For hundreds of years women have been discouraged, and even denied, from serving their country. Since the time of the Revolutionary War, almost two million women veterans have voluntarily served their country in the Armed Forces, from doing laundry to fighting in combat. In the eighteenth and nineteenth centuries, women disguised themselves as men and fought side-by-side with male soldiers. During World War I, 33,000 women served and during World War II almost 500,000 served. During the time of the Korean War, 120,000 women were serving in the military and 7,000 women were deployed to Viet Nam. When Desert Storm hit over 40,000 women were deployed and even more have deployed and thousands have served since then.
As the Revolutionary War began, the call to arms was for men however several women put on the uniform of the Revolutionary soldier and chose to fight against the British. One such woman was Deborah Samson. In October of 1778, a young woman from Plympton, Massachusetts dressed herself as a young man and willingly volunteered for the American Army. She enlisted under the name Robert Shirtliffe for the term of the war. She served under Captain Nathan Thayer. Deborah served for three years during which she was wounded twice, once she was cut on the head by a sword and a few months later she was shot through the shoulder. Her identity was not discovered until later when she developed brain fever, a common ailment at that time among the soldiers.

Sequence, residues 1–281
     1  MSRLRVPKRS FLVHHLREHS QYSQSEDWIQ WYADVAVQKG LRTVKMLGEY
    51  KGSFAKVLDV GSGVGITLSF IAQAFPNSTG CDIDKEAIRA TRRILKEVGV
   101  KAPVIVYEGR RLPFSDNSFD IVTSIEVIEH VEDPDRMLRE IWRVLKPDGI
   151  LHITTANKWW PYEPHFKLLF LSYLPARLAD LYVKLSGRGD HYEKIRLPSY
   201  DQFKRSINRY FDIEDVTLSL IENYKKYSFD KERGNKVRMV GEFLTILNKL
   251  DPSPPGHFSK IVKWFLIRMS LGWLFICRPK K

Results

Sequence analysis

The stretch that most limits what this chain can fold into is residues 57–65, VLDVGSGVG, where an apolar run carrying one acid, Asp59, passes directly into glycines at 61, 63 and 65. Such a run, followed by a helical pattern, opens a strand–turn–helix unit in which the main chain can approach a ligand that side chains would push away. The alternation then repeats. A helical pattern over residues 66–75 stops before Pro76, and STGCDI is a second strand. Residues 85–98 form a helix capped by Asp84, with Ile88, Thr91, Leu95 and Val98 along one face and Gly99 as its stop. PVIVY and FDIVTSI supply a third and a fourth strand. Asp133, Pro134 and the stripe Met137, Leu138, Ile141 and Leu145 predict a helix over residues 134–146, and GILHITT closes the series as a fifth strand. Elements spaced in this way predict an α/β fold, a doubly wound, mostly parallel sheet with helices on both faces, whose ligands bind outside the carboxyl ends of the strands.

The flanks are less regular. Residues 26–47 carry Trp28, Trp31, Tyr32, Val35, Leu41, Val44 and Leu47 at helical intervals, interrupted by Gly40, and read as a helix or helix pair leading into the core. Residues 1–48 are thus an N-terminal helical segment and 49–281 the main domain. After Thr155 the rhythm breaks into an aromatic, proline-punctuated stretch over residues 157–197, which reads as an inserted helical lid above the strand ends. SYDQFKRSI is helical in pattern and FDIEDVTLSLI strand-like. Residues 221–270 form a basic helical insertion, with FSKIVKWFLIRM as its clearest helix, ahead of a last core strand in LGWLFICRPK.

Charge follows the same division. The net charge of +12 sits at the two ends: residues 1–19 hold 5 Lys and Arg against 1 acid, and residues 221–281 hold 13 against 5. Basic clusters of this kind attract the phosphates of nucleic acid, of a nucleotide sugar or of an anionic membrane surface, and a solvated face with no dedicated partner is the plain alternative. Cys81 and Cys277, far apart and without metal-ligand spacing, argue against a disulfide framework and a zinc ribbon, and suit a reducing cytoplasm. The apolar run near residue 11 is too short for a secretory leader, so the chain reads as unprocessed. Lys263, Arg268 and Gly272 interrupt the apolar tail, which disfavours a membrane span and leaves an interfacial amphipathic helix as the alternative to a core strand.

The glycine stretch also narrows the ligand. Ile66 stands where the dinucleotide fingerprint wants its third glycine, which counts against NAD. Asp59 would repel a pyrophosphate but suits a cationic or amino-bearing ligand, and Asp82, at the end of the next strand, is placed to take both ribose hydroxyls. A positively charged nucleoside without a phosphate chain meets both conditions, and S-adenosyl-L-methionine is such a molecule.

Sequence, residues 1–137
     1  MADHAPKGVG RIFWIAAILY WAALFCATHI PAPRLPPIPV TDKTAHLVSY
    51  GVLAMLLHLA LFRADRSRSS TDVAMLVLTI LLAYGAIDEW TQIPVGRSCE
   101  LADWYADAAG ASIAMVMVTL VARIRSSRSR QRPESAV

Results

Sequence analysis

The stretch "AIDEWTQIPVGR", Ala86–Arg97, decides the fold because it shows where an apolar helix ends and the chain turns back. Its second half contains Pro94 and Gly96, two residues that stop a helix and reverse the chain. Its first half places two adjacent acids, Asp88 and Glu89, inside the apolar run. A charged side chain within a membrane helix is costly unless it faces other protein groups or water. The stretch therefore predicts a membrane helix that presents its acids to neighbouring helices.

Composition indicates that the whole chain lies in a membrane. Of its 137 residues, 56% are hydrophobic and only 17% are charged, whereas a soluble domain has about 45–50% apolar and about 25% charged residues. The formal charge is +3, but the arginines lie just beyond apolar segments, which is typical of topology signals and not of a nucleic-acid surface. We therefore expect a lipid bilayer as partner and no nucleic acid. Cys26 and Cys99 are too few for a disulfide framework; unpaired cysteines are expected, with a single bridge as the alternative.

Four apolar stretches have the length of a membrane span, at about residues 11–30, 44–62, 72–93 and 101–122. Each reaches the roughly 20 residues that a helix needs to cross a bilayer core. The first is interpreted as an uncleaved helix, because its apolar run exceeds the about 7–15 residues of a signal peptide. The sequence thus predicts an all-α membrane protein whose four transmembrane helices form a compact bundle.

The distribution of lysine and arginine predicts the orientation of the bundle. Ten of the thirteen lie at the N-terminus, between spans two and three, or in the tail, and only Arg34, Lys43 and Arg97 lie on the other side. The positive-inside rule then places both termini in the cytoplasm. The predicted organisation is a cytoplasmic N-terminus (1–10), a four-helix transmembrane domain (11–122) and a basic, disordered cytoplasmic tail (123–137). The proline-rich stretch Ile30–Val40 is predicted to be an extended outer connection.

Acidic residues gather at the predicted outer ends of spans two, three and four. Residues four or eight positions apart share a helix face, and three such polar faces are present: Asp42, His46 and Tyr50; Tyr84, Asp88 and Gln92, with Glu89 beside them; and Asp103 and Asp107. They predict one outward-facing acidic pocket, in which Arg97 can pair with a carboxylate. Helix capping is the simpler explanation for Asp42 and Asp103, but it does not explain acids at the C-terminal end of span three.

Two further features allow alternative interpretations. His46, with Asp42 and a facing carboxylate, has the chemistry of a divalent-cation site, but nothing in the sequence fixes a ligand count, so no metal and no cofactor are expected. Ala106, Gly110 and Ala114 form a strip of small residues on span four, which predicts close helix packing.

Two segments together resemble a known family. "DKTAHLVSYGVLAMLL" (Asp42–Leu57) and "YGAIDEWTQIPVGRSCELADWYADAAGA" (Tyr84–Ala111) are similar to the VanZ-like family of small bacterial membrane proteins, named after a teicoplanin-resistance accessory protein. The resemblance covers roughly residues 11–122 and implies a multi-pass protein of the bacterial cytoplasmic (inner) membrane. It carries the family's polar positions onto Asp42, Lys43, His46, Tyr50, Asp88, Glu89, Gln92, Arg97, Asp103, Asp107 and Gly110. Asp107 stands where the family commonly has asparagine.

There were more courageous women who played important roles in the Revolutionary War. Anna Warner Bailey aided wounded soldiers and went house to house to collect material for bandages during the massacre at Fort Griswald in Connecticut. Margaret Corbin took her husbands position and performed his duties after he had fallen at her side during the attack on Fort Washington. Then there is Angelica Vrooman, who calmly sat molding bullets for rangers, in a tent during the... [continues]
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